WASHINGTON, D.C. – The US Department of Transportation’s Federal Motor Carrier Safety Administration (FMCSA) National Training Centre hosted a webinar today to explain the new electronic logging devices (ELD) mandate.
The webinar was titled “Introduction to the Electronic Logging Device Rule and Implementation Plan” and provided an overview and further clarification of the ELD rule that was put into effect in December 2015. According to organizers, the webinar was supposed to be seen as a tool for the trucking industry to further understand how the ELD rule will be enforced in the near future. The new rule will require truck driver in the US, as well as nearly 140,000 Canadians who operate there to update how they track and present their hours of service.
LaTonya Mimms, transportation specialist with the FMCSA Enforcement division kicked off the presentation by explaining to viewers there are three ELD implementation phases. The first from February 16, 2016 – December 18, 2017 is called the awareness and transition phase, she said. During this phase, ELDs may be registered and used voluntarily.
“Carriers may continue to use paper RODs AOBRDs, and devices with logging software applications during this time,” she added.
The second phase is the phased-in compliance phase, which runs from December 18, 2017 – December 16, 2019. During this phase, AOBRDs that were installed before the compliance date can still be used (grandfathered).
However, at the last phase, the full compliance phase, AOBRDs must be upgraded or replaced with ELDs by December 16, 2019.
“During the full compliance phase, only ELDs will be permitted,” said Mimms.
ELDs are going to change the way roadside inspections are traditionally carried out.
According to the FMCSA, during phase 1, it is required that record of duty (ROD) status must be shared as either a printout (an ELD option) or with a screen display visible to an enforcement officer without entering the vehicle during a roadside inspection.
Danielle Smith, transportation specialist with the FMCSA passenger carrier division, noted that the main difference between the daily header from an ELD to a paper ROD is the additional information the ELD provides. The daily header with the ELD includes things like VIN, engine hours, odometer reading, and driver’s licence number.
Before publishing its final rule, the FMCSA passed a law that prohibits the coercion of drivers to addressing concerns that e-logs could be used to bully drivers.
The FMCSA addressed this in the webinar. During the webinar, Mike Huntley, division chief of the FMCSA vehicle and roadside operation division explained the FMCSA defines harassment as action taken by a motor carrier that the carrier knew (or should have known) would result in a driver violating the Hours of service rules. If a carrier harasses a driver, he/she will receive a penalty for harassment in addition to the HOS violation.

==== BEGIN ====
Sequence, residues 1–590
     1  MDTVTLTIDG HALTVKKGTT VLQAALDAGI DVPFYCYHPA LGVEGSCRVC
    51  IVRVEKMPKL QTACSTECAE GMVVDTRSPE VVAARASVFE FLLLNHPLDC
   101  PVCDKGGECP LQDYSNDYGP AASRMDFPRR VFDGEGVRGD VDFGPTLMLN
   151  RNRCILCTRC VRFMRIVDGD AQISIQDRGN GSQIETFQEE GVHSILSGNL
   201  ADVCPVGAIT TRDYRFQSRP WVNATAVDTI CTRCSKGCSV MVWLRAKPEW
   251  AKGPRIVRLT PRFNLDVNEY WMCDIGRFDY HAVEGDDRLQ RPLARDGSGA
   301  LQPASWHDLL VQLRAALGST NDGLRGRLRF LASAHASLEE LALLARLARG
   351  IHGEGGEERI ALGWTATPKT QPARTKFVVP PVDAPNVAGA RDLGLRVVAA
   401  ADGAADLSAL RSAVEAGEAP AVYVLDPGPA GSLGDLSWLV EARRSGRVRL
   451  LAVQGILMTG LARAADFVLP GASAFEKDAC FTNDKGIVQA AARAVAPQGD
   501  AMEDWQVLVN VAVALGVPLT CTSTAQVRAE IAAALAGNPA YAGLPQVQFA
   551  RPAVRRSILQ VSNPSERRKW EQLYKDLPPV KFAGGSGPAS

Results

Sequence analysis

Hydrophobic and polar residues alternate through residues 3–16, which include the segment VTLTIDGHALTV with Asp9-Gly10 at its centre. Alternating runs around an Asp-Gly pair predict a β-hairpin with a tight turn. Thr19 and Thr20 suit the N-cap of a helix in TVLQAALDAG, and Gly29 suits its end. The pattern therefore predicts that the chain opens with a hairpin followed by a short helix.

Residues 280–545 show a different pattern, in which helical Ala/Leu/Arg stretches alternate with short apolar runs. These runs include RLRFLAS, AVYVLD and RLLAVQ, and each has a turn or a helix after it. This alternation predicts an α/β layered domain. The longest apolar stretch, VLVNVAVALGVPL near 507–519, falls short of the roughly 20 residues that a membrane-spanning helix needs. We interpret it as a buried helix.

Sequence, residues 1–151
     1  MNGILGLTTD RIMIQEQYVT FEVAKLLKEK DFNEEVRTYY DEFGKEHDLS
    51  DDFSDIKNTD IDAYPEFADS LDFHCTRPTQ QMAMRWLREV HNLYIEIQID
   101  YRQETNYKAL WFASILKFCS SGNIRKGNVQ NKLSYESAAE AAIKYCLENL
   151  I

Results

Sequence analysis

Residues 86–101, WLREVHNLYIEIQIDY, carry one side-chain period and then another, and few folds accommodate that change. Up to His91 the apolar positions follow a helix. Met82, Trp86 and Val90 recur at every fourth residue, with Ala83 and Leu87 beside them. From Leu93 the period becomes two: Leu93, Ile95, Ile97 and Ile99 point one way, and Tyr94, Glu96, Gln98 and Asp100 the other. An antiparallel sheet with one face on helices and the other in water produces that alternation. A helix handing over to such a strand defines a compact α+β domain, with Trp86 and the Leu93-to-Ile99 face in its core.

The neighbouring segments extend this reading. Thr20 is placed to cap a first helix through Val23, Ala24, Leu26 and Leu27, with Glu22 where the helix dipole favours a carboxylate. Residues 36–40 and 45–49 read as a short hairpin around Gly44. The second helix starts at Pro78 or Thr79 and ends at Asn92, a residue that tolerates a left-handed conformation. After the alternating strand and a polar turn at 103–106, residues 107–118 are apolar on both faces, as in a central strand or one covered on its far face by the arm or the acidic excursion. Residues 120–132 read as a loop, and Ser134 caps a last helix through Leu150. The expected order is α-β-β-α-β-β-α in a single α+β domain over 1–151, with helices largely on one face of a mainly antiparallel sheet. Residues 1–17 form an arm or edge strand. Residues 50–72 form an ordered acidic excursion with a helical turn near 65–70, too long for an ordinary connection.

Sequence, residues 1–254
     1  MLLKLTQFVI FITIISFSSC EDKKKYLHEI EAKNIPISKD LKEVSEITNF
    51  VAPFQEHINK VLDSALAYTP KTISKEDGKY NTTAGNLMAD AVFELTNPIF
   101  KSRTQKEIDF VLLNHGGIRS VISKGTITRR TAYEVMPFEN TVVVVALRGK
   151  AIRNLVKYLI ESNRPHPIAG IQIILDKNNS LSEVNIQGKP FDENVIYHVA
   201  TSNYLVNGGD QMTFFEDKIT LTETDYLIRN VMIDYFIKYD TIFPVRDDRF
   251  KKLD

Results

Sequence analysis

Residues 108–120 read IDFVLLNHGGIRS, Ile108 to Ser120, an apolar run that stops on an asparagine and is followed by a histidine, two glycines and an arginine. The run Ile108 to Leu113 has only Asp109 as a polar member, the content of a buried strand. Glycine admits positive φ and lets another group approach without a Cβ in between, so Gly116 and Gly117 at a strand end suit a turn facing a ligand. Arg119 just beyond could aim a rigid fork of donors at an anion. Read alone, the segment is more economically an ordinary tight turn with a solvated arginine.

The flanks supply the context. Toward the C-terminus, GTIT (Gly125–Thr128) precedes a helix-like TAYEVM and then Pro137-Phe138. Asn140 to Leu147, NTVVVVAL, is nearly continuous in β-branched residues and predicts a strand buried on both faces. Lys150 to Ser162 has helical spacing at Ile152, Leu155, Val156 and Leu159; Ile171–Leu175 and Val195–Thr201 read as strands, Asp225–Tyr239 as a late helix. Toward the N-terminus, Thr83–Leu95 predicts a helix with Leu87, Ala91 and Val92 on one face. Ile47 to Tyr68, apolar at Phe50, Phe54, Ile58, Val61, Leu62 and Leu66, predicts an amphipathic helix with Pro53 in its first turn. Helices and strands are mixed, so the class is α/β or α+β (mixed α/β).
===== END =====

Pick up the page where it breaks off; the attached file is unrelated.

He explained the required features of an ELD that will prevent harassment.
A required mute function that ensures a driver is not interrupted in the sleeper berth
Limited ability to edit ELD records for both drivers and motor carriers
Require driver approval when a carrier edits an ELD record
“All edits, whether made by a driver or a motor carrier, will be annotated to document the reason for the change,” Huntley explained. “This will help the driver retain control of the ROD and prevent harassment.”
In addition, Huntley said that drivers will also have access to their own ELD record (with a unique login ID) without having to ask their carriers for their record.
This will help the driver ensure that the record hasn’t been edited without his/her authorization, said Huntley.
As well, drivers who want to file a formal harassment complaint can do so within 90 days of the event either using the National Consumer Compliant Database or with the FMCSA Division Administrator for the State where the driver is employed.
The FMCSA has scheduled a second webinar on February 11, 2016 titled “ELD Phase I: Transition and Awareness.” This webinar, according to the FMCSA, will focus on the first phase of the mandate’s implementation and what carriers can expect during roadside inspections during this time.